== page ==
Sunday, May 20, 2007

Patterns from Finished Clothes

My entrepreneurial nephew, who recently opened his own barber shop, wants me to make him some barber smocks using fabric with LA Lakers and Oakland Raiders logos. Finding the Lakers and Raiders fabric wasn't a problem thanks to the resourceful sewers at PR. Finding a pattern for a size 4x barber smock? No Way! Fuhgeddaboudit! The only thing left to do is make a pattern from one of his smocks. To make this possible, I bought Patterns from Finished Clothes by Tracy Doyle. Several years ago, I took classes at Philadelphia University (formally Philadelphia College of Textiles and Sciences). I was enrolled in the Industrial Fashion Methods certificate program. One of the classes covered learning to copy clothing. I had to drop out in the middle of that course, so I never learned to copy a garment. In the class, we laid tracing paper over the garment to trace the pieces. Doyle uses another method -- putting paper under the garment and using a needle point tracing wheel to trace components of the garment. This method seems much easier than the method taught at Philadelphia University. After perusing the first 2 or 3 chapters, I actually believe I can make these smocks! The book is very heavily illustrated. The first half of the book gives detailed, step-by-step instructions for copying a yoked blouse. The rest of the book covers pleats, darts and other details. I wish those details were covered as thoroughly as the yoked blouse. However, I feel confident enough to attempt the smocks. I'll learn more by working through the process than by reading the book.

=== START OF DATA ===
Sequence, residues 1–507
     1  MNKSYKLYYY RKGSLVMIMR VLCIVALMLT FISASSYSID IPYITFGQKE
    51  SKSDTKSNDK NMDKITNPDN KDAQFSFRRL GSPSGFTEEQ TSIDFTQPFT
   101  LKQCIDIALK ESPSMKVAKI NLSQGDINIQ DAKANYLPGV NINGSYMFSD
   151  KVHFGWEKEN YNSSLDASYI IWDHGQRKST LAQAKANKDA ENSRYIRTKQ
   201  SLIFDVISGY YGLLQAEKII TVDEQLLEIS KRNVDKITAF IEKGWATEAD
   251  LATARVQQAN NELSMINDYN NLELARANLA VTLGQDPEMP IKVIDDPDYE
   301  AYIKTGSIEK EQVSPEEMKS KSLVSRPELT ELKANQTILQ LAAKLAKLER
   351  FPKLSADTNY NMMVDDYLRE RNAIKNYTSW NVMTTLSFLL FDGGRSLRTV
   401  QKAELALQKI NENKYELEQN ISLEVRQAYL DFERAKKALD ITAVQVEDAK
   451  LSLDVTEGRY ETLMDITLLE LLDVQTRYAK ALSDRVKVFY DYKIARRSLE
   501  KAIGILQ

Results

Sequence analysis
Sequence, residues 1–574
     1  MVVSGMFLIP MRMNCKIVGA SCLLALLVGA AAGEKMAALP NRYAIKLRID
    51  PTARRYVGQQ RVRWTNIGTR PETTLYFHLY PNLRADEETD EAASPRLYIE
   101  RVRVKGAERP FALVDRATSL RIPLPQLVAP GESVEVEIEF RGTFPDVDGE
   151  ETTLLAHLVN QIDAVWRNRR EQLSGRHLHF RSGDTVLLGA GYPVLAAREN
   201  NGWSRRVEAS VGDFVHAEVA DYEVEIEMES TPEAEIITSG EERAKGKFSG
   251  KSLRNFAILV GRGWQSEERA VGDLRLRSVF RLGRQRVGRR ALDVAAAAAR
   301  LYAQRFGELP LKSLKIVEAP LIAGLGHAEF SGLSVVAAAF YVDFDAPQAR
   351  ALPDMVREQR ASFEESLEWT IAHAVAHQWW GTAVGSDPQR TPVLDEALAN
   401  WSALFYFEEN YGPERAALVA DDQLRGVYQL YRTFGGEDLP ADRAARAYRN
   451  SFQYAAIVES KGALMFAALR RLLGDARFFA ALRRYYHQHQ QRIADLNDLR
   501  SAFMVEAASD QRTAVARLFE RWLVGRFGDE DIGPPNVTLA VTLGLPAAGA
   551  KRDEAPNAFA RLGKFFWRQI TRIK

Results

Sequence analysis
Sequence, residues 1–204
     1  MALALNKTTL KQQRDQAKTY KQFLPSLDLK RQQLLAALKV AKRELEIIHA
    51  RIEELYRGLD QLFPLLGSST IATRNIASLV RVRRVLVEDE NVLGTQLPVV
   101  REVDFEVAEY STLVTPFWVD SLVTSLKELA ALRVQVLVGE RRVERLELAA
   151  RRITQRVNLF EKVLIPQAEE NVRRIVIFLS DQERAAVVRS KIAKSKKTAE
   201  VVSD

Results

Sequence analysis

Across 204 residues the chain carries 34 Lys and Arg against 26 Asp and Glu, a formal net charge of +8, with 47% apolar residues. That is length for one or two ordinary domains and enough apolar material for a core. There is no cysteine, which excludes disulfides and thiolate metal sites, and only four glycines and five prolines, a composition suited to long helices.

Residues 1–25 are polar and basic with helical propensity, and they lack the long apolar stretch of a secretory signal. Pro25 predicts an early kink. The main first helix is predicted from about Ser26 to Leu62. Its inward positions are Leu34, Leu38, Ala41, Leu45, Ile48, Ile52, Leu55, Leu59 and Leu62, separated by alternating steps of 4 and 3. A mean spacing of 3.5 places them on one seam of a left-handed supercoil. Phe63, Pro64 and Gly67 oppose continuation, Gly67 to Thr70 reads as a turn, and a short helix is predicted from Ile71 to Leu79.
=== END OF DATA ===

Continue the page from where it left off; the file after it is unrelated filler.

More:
N. B. This is the same nephew who suckered me into trying to buy "Transformers" during the height of the craze back in the 80's. I certainly hope I'm more successful this time. It's a good thing I love him so much.

1 comment:

  1. So That's what you wanted that needle point tracing wheel for! I wondered.